Smarr, Venter Bring Cutting-Edge Science to CONNECT Venture Capital Community

By Nancy Van Dillen, CONNECT Program Director

San Diego, CA, August 9, 2006 -- On July 31, the venture-capital community gathered at Calit2 for a special edition of the CONNECT Venture Affiliates program featuring a presentation by Craig Venter, Ph.D. of the J. Craig Venter Institute and Larry Smarr, director of Calit2. The highlight of the evening reception, sponsored by Morrison & Foerster and Enterprise Partners Venture Capital, was a presentation by the two world-renowned scientists on their high-profile collaboration, the CAMERA project.

Craig Venter
J. Craig Venter addresses the San Diego venture-capital community. To watch streaming video of his talk, click here or on the photo above. Length: 29:42
[Real player and broadband connection required ]

CAMERA, which stands for Community Cyberinfrastructure for Advanced Marine Microbial Ecology Research and Analysis, is an endeavor to build a state-of-the-art computational resource and develop software tools that will decipher the genetic code of microbial communities in oceans around the world. This high-performance computational collaboratory that supports metagenomics research – analyzing microbial genomic sequence data in the larger context of microbe communities and the environmental metadata associated with the sequence data – was awarded a $24.5 million grant from the Gordon and Betty Moore Foundation in January 2006. The project utilizes the OptIPuter model developed by Calit2 and teams the organization with other renowned institutions including the Maryland-based Venter Institute, Scripps Institution of Oceanography, and the San Diego Supercomputer Center.

Larry Smarr
Larry Smarr shows the way to building cyberinfrastructure to support Venter's ambitious push into metagenomics. To watch streaming video of his talk, click here  or on the photo above. Length: 20:48
“The state of the art science resulting from the CAMERA project has enormous potential for the San Diego business community,” says Duane Roth, CEO of CONNECT. “This research will not only lead to scientific breakthroughs on a global scale but will likely produce future businesses and commercial applications developed here in San Diego.”

Calit2's Smarr is also the Harry E. Gruber professor in the Jacobs School’s Department of Computer Science and Engineering at UCSD, and Principal Investigator on the CAMERA grant. Dr. Smarr is also PI on the NSF OptIPuter LambdaGrid project and co-PI on the NSF LOOKING ocean observatory prototype. As founding director of the National Center for Supercomputing Applications and the National Computational Science Alliance, Smarr drove major contributions to the development of the national high-performance computing infrastructure, the Internet, the Web, the emerging Grid, and scientific visualization. Recently, he has become a member of the Networking and Information Technology Advisory Group to provide input and feedback to the President’s Council of Advisors on Science and Technology, which is undertaking a review of the Federal Networking and Information Technology Research and Development Program.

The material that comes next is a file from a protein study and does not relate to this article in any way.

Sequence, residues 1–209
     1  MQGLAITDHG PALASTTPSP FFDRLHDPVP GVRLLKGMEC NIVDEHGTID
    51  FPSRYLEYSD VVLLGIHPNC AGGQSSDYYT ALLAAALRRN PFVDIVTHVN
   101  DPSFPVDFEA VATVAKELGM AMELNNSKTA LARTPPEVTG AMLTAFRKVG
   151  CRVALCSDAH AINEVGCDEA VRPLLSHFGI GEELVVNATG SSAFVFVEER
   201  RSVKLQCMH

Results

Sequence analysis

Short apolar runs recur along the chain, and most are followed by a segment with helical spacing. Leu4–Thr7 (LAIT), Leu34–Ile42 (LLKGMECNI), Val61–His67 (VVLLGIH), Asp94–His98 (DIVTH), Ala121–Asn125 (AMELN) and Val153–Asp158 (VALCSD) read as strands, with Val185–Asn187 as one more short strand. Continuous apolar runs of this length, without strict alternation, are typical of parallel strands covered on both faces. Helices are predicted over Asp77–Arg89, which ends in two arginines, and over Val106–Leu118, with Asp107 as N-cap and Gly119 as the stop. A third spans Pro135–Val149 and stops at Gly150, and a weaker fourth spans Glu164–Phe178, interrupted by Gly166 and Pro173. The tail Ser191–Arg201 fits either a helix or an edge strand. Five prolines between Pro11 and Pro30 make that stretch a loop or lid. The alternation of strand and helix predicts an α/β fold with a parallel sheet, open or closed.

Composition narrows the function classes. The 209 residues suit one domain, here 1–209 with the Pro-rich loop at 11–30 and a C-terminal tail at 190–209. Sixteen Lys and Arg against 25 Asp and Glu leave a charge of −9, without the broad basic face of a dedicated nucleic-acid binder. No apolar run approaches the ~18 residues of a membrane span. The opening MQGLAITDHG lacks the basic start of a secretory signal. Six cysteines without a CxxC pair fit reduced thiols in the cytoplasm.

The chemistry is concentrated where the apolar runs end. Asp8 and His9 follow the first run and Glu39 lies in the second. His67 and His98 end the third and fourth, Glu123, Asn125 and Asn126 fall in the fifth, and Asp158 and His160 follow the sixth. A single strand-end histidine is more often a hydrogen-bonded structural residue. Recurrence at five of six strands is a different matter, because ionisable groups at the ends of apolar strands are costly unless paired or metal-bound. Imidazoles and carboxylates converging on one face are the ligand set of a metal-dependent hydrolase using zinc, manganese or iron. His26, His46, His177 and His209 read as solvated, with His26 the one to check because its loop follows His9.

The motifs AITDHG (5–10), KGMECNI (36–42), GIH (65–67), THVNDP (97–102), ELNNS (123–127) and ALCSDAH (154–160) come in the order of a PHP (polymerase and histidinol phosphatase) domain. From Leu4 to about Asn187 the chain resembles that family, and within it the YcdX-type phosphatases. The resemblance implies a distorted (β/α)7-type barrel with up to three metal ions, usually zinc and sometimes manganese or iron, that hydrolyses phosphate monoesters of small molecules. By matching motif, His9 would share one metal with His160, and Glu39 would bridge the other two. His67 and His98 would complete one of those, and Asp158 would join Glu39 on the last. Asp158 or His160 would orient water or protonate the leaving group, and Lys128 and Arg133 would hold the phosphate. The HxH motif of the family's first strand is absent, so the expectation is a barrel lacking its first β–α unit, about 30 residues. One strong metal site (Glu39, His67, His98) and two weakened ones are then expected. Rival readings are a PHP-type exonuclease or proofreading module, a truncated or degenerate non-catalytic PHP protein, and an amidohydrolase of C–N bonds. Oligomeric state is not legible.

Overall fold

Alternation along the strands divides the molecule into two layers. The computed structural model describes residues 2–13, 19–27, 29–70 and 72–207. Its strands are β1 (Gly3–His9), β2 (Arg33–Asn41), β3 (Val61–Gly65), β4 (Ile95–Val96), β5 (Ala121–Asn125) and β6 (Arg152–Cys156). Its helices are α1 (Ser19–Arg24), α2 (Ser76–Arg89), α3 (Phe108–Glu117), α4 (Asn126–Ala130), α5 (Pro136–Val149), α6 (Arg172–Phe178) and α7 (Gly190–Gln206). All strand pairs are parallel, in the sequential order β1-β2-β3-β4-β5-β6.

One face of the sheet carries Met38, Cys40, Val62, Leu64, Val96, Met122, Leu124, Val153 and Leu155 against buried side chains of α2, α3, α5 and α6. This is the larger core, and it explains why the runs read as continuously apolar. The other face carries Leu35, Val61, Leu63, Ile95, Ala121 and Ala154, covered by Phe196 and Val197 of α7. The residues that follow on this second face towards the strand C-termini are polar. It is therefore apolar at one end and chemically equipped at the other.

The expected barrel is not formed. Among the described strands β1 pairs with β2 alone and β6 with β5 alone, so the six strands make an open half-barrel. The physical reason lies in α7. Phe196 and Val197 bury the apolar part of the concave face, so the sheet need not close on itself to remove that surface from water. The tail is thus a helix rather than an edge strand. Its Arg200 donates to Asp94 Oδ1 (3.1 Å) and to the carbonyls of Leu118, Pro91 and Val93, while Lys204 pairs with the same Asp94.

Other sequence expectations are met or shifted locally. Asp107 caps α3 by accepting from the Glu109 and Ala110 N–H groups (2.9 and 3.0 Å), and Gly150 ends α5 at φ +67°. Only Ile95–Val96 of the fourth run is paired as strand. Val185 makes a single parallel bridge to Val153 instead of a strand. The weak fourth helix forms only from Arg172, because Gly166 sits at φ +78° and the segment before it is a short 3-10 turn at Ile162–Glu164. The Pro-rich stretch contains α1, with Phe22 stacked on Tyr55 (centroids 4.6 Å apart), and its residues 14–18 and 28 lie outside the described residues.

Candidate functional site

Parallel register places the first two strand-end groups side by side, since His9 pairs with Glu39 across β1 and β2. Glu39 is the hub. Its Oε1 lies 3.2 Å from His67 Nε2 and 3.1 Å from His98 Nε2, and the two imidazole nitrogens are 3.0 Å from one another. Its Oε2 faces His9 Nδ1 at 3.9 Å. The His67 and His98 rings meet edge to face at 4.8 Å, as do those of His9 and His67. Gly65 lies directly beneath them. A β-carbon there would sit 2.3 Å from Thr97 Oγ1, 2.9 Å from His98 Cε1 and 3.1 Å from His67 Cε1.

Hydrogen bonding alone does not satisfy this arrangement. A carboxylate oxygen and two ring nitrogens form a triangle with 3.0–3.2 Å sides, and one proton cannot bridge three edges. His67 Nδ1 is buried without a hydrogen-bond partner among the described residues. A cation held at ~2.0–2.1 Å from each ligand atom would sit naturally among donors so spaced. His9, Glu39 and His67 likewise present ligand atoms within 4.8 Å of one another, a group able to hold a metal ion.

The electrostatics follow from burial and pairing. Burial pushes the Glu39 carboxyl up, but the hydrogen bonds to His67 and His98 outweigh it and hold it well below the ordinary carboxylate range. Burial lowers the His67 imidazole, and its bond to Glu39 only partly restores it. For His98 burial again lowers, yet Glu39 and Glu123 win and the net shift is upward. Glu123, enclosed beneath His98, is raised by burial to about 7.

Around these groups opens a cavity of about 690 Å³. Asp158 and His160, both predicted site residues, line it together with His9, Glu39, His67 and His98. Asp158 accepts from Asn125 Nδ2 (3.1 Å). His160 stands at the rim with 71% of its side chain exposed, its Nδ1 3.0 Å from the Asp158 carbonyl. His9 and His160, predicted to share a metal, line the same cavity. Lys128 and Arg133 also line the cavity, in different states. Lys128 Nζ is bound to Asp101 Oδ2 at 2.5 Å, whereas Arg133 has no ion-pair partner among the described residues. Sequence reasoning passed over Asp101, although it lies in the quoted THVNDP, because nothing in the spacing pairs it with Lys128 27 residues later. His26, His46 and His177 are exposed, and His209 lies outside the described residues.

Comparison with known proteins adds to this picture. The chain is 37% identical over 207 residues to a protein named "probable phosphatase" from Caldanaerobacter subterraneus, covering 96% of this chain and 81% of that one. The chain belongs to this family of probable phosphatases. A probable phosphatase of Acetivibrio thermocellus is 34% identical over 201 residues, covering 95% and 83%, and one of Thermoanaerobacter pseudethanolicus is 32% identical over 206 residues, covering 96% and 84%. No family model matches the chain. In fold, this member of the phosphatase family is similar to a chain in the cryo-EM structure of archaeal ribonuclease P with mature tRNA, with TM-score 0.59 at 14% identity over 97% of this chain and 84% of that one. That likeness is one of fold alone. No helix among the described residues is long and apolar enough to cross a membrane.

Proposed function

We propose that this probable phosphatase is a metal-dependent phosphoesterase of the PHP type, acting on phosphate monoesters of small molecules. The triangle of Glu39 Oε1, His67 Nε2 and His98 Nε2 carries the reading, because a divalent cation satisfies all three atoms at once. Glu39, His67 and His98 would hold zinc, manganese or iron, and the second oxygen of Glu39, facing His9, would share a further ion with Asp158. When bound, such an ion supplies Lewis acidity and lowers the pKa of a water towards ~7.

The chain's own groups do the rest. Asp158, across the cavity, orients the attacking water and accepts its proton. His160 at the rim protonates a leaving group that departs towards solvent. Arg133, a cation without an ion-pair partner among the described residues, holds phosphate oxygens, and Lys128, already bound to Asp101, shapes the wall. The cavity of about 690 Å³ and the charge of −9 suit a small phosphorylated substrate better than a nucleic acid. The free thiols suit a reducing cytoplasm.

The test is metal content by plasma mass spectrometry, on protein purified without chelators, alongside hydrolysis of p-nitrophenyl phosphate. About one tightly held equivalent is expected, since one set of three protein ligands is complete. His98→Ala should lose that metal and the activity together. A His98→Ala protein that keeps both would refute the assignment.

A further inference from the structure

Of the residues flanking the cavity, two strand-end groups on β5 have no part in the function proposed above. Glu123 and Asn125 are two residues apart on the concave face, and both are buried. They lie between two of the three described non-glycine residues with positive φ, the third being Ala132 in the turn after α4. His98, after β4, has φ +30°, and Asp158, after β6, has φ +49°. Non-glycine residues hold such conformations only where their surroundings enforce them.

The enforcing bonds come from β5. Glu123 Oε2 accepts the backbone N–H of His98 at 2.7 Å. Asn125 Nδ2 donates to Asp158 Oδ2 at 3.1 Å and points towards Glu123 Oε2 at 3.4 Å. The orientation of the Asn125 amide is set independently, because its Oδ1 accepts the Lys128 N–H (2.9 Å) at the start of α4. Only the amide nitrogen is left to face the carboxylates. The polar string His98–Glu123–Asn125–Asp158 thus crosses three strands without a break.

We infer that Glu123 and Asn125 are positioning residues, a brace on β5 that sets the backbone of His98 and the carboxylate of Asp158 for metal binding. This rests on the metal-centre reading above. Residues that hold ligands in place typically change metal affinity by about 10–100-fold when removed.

Larry Smarr and Duane Roth
Calit2's Larry Smarr (left) speaks with CONNECT CEO Duane Roth before the presentation to venture capital executives.
Craig Venter is founder and president of the J. Craig Venter Institute and the J. Craig Venter Science Foundation, not-for-profit, research and support organizations dedicated to human genomic research. Additionally,Dr. Venter is founder and chairman of the not-for-profit organization The Institute for Genomic Research (TIGR) and the for-profit company Synthetic Genomics. In 1984 while at the National Institutes of Health campus, he developed expressed sequence tags or EST’s, a revolutionary new strategy for gene discovery. In 1992, he founded The Institute for Genomic Research (TIGR). There he and his team decoded the genome of the first free-living organism, the bacterium Haemophilus influenzae, using his new whole genome shotgun technique. TIGR has sequenced more than 50 genomes to date using Dr. Venter’s techniques.

[This article appeared in the August 9 edition of the CONNECT Newsletter, and is reprinted by permission.]

Related Links

CONNECT Venture Affiliates Program

Related Projects
Community Cyberinfrastructure for Advanced Marine Microbial Ecology Research and Analysis